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The create_agent() function creates an agent object, which is used in a data quality reporting workflow. The overall aim of this workflow is to generate useful reporting information for assessing the level of data quality for the target table. We can supply as many validation functions as the user wishes to write, thereby increasing the level of validation coverage for that table. The agent assigned by the create_agent() call takes validation functions (e.g., col_vals_between(), rows_distinct(), etc.), which translate to discrete validation steps (each one is numbered and will later provide its own set of results). This process is known as developing a validation plan.

The validation functions, when called on an agent, are merely instructions up to the point the interrogate() function is called. That kicks off the process of the agent acting on the validation plan and getting results for each step. Once the interrogation process is complete, we can say that the agent has intel. Calling the agent itself will result in a reporting table. This reporting of the interrogation can also be accessed with the get_agent_report() function, where there are more reporting options.


  tbl = NULL,
  tbl_name = NULL,
  label = NULL,
  actions = NULL,
  end_fns = NULL,
  embed_report = FALSE,
  lang = NULL,
  locale = NULL,
  read_fn = NULL



Table or expression for reading in one

obj:<tbl_*>|<tbl reading expression> // required

The input table. This can be a data frame, a tibble, a tbl_dbi object, or a tbl_spark object. Alternatively, an expression can be supplied to serve as instructions on how to retrieve the target table at interrogation-time. There are two ways to specify an association to a target table: (1) as a table-prep formula, which is a right-hand side (RHS) formula expression (e.g., ~ { <tbl reading code>}), or (2) as a function (e.g., function() { <tbl reading code>}).


A table name

scalar<character> // default: NULL (optional)

A optional name to assign to the input table object. If no value is provided, a name will be generated based on whatever information is available. This table name will be displayed in the header area of the agent report generated by printing the agent or calling get_agent_report().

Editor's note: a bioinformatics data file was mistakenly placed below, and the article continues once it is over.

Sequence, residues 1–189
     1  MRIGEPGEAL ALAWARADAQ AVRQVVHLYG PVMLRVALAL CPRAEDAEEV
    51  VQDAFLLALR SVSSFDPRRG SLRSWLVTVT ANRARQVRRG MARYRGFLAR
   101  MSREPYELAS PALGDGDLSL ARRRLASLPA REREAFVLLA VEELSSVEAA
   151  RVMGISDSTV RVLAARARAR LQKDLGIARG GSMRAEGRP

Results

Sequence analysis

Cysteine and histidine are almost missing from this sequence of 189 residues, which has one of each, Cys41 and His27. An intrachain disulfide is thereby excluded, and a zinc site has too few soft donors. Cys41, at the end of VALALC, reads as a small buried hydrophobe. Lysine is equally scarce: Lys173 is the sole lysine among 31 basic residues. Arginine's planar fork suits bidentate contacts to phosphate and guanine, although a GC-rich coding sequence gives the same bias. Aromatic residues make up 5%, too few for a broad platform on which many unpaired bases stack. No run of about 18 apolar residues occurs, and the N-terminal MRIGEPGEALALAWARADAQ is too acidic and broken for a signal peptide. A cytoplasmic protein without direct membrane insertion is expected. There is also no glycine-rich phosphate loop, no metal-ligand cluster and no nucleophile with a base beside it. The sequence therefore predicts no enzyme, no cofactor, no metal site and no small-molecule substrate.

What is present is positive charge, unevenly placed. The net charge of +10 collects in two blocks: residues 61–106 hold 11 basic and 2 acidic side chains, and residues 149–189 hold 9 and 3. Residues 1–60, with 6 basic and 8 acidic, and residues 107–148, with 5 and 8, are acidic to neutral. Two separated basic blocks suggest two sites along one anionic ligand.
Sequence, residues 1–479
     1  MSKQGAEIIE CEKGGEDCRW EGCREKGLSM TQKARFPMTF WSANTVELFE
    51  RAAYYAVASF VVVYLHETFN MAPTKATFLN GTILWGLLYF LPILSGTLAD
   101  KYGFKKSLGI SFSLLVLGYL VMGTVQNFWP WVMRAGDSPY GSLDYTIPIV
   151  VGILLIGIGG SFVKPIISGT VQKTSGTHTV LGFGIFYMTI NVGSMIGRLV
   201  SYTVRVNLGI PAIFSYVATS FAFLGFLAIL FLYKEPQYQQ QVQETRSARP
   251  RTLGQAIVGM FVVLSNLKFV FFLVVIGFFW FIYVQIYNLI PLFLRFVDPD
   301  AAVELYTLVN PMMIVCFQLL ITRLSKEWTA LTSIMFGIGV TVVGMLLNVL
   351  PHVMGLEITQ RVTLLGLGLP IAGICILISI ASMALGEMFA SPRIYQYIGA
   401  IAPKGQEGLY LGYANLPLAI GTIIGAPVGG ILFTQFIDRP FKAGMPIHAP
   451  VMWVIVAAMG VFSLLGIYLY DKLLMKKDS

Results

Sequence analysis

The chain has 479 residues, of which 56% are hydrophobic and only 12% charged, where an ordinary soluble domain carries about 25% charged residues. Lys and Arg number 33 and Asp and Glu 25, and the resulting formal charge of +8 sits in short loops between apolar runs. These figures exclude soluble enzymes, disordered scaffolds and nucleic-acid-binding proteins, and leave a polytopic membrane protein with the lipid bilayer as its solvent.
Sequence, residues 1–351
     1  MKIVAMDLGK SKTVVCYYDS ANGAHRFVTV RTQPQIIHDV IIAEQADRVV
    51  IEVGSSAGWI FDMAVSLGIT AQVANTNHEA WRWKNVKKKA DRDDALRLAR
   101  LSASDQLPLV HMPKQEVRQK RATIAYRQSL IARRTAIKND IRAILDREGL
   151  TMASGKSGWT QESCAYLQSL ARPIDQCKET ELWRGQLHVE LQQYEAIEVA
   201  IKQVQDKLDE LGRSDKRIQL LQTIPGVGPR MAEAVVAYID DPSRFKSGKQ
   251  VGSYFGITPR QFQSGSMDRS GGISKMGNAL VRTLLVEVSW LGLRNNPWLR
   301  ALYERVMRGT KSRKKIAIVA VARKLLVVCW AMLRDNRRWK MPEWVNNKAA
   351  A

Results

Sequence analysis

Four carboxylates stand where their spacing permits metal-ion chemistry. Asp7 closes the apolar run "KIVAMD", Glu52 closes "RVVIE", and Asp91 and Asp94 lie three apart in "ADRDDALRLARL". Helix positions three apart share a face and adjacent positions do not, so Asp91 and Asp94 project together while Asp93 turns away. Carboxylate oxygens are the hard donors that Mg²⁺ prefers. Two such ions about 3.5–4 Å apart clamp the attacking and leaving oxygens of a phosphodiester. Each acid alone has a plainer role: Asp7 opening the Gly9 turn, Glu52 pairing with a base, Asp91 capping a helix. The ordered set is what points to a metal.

An optional label for the validation plan

scalar<character> // default: NULL (optional)

An optional label for the validation plan. If no value is provided, a label will be generated based on the current system time. Markdown can be used here to make the label more visually appealing (it will appear in the header area of the agent report).


Default thresholds and actions for different states

obj:<action_levels> // default: NULL (optional)

A option to include a list with threshold levels so that all validation steps can react accordingly when exceeding the set levels. This is to be created with the action_levels() helper function. Should an action levels list be used for a specific validation step, the default set specified here will be overridden.


Functions to execute after interrogation

list // default: NULL (optional)

A list of expressions that should be invoked at the end of an interrogation. Each expression should be in the form of a one-sided R formula, so overall this construction should be used: end_fns = list(~ <R statements>, ~ <R statements>, ...). An example of a function included in pointblank that can be sensibly used here is email_blast(), which sends an email of the validation report (based on a sending condition).


Embed the validation report into agent object?

scalar<logical> // default: FALSE

An option to embed a gt-based validation report into the ptblank_agent object. If FALSE then the table object will be not generated and available with the agent upon returning from the interrogation.


Reporting language

scalar<character> // default: NULL (optional)

The language to use for automatic creation of briefs (short descriptions for each validation step) and for the agent report (a summary table that provides the validation plan and the results from the interrogation. By default, NULL will create English ("en") text. Other options include French ("fr"), German ("de"), Italian ("it"), Spanish ("es"), Portuguese ("pt"), Turkish ("tr"), Chinese ("zh"), Russian ("ru"), Polish ("pl"), Danish ("da"), Swedish ("sv"), and Dutch ("nl").